Actor Max Greenfield has quickly risen to fame for his work in FOX’s New Girl as the quintessential bro and often unlucky-in-love Schmidt. Arguably the breakout star of the series, Greenfield has spent years crafting his career by appearing on shows like The Gentlemen’s League, Greek, Raising the Bar, Kath & Kim, Ugly Betty, and Veronica Mars.
The usual transition after a huge hit is one from television into large budgeted films, but instead Greenfield decided to go for the jugular by appearing in a poignant dramedy along an ensemble of other television thespians like Parks & Recreation’s Aubrey Plaza, Parenthood’s Jason Ritter, Lost’s Maggie Grace, Suburgatory’s Jane Levy, Nate Parker, and Max Minghella.
About Alex is the millennial generation’s The Big Chill as it runs a very similar narrative, and even vaguely references the 1983 Lawrence Kasdan film, except for the fact that Alex (Jason Ritter) fortunately doesn’t succeed in committing suicide. That’s not to say that About Alex is just an updated version. Due to Alex surviving, it brings a whole different dynamic and shift to a core group of six college friends who haven’t really kept the best of tabs on each other as they once thought they did. While the 80s generation actually connected more in the physical sense, this generation is fixated on communicating through the use of technology, which makes for a clever through line in the narrative of the film.
In About Alex, Max Greenfield plays a character that’s somewhat similar to his role on New Girl in that the energy of his delivery is at the same rate, but if Schmidt was at a party with About Alex’s Josh he would probably cross the room to avoid him after making a few jabs at his pseudo intellectual stance on everything under the sun. As Josh, Greenfield plays a very well educated character that for the life of him can’t understand why one of his good friends tried to commit suicide.
A self-proclaimed truth teller, Josh can be the most abrasive, and harshest of the group of college friends. He has an opinion on everything — his most passionate rants seem to be around the false sense of security social media and technology in general gives the millennial generation. He’s quick to point out the flawed communication of the group of friends while being in denial of his own feelings for a certain character in the film.
Max Greenfield’s energy in general is addictive — he bounces freely from one subject to another without breaking a sweat, and is funny, charming, and yes, even Schmidty, while doing so. Greenfield sat down for a roundtable discussion to talk about New Girl, social media, and his latest film About Alex.
THE INQUISITR: A lot of people are comparing this film to The Big Chill because of its similarities. What do you think this generation will take away from About Alex?
MAX GREENFIELD: I think this generation is different, but more so I think Jesse, who wrote the script, made a story that was similar but personal to him. The characters are people that he knew and experienced, and I think more than the technology or wherever we are generationally, I think it’s different because it’s his story. I think that’s what makes it unique and a different film than The Big Chill. I think it would be a scarier movie, or a scarier move if he said, “I want to make The Big Chill but let’s just add cell phones.”
THE INQUISITR: Your character is the one that’s angry with Jason Ritter’s character, but there must be something more than that bubbling.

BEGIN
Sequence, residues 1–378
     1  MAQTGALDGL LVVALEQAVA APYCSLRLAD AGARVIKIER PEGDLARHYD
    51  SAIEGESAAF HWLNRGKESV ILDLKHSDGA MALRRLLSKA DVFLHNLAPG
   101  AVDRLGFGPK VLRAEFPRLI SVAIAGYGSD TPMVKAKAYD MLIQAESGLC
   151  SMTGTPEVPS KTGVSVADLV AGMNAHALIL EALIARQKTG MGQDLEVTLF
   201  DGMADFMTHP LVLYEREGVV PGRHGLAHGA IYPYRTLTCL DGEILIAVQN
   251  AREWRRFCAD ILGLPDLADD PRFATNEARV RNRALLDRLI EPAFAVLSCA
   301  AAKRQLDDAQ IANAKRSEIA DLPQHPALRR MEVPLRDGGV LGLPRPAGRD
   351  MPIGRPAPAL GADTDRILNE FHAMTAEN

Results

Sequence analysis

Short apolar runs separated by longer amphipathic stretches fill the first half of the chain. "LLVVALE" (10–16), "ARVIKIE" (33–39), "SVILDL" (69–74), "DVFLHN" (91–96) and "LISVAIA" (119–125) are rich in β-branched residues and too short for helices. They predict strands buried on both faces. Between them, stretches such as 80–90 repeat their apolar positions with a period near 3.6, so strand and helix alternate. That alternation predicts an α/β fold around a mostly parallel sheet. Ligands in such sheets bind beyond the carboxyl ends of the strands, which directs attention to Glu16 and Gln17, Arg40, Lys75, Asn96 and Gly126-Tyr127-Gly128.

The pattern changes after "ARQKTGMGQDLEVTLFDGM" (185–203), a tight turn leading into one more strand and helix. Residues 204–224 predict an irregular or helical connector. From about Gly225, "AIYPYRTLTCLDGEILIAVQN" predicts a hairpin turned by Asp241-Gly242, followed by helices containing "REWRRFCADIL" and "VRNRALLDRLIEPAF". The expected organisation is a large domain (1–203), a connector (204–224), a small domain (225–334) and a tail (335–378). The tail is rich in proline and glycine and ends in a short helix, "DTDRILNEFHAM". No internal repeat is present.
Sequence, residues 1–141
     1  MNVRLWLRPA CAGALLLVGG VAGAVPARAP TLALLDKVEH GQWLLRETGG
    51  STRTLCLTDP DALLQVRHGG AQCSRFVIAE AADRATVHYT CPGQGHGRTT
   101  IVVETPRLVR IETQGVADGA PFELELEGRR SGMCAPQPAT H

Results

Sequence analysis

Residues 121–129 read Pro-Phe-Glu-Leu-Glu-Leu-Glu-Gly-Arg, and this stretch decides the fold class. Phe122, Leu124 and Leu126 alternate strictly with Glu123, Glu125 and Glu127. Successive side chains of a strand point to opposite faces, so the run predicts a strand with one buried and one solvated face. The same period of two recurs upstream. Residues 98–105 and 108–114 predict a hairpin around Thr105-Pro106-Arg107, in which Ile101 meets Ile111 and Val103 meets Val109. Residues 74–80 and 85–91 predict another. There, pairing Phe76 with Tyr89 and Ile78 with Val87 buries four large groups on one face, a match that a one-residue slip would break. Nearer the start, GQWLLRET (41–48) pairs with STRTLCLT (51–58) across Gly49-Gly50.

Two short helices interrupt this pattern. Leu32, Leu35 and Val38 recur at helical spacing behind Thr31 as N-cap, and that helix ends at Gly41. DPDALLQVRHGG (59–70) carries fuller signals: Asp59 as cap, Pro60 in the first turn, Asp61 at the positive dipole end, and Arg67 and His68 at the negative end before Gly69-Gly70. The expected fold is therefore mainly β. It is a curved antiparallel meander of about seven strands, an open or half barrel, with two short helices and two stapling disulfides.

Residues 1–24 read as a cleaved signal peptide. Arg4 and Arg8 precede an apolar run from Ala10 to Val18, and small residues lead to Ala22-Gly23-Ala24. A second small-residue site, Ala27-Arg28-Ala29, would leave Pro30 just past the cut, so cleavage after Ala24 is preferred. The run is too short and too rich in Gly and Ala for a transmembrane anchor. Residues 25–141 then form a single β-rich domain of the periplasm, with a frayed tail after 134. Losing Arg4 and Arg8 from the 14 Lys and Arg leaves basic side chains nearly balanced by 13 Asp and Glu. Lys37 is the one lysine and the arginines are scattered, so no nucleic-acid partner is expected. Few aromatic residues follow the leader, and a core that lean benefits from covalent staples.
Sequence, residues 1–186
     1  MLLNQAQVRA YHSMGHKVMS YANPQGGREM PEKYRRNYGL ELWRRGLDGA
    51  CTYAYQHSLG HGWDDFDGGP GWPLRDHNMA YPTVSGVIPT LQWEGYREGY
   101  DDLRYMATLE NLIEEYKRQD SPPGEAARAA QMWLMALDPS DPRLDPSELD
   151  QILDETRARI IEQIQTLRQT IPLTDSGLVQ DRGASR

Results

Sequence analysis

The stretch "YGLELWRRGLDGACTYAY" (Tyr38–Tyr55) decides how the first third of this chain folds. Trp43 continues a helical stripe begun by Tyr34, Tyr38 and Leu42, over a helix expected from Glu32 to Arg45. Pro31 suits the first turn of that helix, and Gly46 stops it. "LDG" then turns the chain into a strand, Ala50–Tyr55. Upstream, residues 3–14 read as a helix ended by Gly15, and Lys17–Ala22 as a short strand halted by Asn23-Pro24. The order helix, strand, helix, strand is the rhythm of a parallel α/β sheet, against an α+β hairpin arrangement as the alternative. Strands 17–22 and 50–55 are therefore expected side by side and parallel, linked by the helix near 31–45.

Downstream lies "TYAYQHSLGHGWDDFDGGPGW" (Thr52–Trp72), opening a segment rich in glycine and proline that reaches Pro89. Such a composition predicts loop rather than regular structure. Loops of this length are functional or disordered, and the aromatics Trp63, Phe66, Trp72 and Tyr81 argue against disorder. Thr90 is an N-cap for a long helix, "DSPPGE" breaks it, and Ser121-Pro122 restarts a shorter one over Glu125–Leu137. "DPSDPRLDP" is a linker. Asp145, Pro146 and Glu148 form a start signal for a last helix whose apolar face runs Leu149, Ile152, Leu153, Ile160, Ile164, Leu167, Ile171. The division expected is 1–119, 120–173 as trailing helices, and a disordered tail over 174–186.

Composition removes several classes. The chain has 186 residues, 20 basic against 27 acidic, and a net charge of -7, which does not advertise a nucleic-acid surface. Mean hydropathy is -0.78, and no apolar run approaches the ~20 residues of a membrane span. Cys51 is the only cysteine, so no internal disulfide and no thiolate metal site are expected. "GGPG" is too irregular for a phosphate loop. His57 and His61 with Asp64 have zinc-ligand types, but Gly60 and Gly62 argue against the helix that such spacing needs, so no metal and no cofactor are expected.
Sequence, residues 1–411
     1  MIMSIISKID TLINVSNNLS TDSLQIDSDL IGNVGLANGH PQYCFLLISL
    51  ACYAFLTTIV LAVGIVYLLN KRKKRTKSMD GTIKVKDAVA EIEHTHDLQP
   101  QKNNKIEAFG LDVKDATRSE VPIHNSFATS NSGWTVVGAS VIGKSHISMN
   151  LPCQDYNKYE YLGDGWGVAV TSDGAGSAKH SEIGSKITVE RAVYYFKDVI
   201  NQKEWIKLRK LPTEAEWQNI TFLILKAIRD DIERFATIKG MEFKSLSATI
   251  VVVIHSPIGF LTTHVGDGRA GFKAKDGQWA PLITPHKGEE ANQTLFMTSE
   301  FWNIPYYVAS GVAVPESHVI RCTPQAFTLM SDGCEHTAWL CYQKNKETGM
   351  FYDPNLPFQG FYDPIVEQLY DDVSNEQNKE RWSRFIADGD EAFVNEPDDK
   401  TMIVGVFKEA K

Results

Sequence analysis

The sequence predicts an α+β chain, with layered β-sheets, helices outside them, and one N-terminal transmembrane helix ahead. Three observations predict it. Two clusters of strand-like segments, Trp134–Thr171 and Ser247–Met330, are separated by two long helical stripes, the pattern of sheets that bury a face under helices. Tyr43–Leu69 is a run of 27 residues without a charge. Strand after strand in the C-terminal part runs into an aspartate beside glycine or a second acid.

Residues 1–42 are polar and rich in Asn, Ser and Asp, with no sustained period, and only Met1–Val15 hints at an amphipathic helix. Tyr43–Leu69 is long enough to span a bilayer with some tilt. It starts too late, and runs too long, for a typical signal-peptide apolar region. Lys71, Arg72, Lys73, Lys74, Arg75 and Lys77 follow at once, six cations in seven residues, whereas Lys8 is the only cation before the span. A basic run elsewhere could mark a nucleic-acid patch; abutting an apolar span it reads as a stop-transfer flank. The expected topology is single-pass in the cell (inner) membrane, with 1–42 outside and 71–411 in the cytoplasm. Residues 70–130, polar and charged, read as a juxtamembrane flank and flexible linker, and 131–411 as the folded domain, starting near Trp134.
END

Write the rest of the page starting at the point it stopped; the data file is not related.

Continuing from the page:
GREENFIELD: Yeah, I mean there’s a myriad of different emotions going on and I think that more so than anything, there’s so many things going on with him and the group, and so many things that are unsaid between this group that’s now put together. If you throw this situation on top of it, the loss of control in that situation and the loss of understanding is more frustrating to him than anything. I play a guy that’s very educated, probably more educated than anyone ever needs to be, and yet he’s so uneducated emotionally that to deal with this he can’t wrap his head around it and it tortures him.
THE INQUISITR: What is the film saying about where we’re headed in terms of connectivity and the evolution of communicating through social media?
GREENFIELD: I think it’s like anything. There are extraordinary positives to Facebook and social media, and advantages, and things that genuinely do bring us together. With that comes the horrible negatives of it, but I don’t think social media is going anywhere. It’s not like, “Well we saw About Alex and we’re going to shut down Facebook! We feel like it’s not working!” It gives you an opportunity to think about what you’re really doing with social media and how you’re presenting yourself, and what you’re putting out there, and what you’re using it for. It allows to make a choice in how you will move forward.
THE INQUISITR: You’re a regular on New Girl and now you’re in this great indie film. Is it hard to transition from one thing to the other in terms of the speed of shooting?
GREENFIELD: I think everything is its own beast. I think every project has its own unique insanity, and I think that’s what’s fun about it. “What are we getting into now?”
THE INQUISITR: And this character is obviously not like Schmidt on New Girl, at least not to that degree.
GREENFIELD: No. That’s what was fun about it. You play a character like Schmidt for eight months out of a year for three years and you get your hiatus, and you’re just dying to do something that’s grounded. I’m so pleased.
THE INQUISITR: Playing Schmidt must be so exhausting because he’s always so on.
GREENFIELD: Yeah! It can get that way, and that’s why you look for something on hiatus where you look for something different. I wanted to play someone who was not so– well, he is kind of similar but in a totally different way. It’s an interesting transition but in a totally rewarding way.